This is, many would say, impossible.
In it, guests take (willan on-take) their places at table and eat (willan on-eat) sumptous meals while watching (willing watchen) the whole of creation explode around them.
This, many would say, is equally impossible.
You can arrive (mayan arrivan on-when) for any sitting you like without prior (late fore-when) reservation because you can book retrospectively, as it were, when you return to your own time (you can have on-book haventa forewhen presooning returningwenta retrohome).
This is, many would not insist, absolutely impossible.
At the restaurant you can meet and dine with (mayan meetan con with dinan on when) a fascinating cross-section of the entire population of space and time.
This, it can be explained patiently, is also impossible.
You can visit it as many times as you like (mayan on-visit re-onvisiting... and so on - for further tense correction consult Dr. Streetmentioner's book) and be sure of never meeting yourself, because of the embarrassment this usually causes.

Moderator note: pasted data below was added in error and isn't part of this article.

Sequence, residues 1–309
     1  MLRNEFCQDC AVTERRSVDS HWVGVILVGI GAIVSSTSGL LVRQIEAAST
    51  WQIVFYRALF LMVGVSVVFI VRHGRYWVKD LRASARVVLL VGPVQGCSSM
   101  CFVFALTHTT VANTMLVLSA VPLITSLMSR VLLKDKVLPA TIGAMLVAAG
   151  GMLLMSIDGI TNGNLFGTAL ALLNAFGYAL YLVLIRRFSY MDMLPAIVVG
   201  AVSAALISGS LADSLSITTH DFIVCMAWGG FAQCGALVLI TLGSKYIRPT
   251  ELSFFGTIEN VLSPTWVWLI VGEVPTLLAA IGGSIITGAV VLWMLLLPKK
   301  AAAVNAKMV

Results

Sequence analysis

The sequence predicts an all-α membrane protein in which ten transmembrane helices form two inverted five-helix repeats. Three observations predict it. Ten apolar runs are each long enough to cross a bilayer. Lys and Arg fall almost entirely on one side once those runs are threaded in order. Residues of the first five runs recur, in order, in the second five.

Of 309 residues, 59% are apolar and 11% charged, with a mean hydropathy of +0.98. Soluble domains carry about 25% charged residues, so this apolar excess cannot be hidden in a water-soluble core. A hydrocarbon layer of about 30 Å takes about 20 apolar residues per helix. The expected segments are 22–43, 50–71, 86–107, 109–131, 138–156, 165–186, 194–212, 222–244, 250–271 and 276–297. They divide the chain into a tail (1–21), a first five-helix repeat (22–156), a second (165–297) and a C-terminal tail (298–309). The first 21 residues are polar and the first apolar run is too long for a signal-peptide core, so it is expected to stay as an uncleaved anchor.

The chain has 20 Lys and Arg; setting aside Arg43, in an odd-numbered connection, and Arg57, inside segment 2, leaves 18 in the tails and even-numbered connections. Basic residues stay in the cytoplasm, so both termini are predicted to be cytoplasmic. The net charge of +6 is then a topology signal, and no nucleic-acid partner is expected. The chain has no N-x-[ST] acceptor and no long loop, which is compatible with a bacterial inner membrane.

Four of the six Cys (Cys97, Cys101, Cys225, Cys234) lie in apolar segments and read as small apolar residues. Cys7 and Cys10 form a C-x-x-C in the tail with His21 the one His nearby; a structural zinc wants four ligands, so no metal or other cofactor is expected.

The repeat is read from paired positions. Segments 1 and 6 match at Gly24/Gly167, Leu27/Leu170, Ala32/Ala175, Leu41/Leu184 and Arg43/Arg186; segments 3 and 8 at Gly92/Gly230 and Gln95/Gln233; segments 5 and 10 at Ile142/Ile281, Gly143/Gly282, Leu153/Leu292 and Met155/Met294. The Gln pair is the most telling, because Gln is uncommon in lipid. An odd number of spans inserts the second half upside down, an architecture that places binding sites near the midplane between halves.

Wednesday, March 9, 2011

The first book you loved? (Don't lie to me!)

What is the first book you loved?

Someone brought this up at work today, and it’s always an interesting topic to explore. What struck me though was the number of people who lie to try and impress others. They’ll always go straight to the Important Books, like:

Catcher in the Rye

Oh, I really related to the themes of um, ah, you know, just…didn’t the guy who shot John Lennon have a copy in his pocket?

Slaughterhouse Five

It’s cool, right? This book is cool? It’s about this guy, and the war, and then some aliens and a teapot and stuff. Well, the edition I’ve got has a very cool cover.

A Tale of Two Cities

Dickens is classic, yeah? So if I say I’ve read this, you’ll all think I’m educated, right? Oh, and it was the best of times and the worst of times. I think one of the cities was probably London.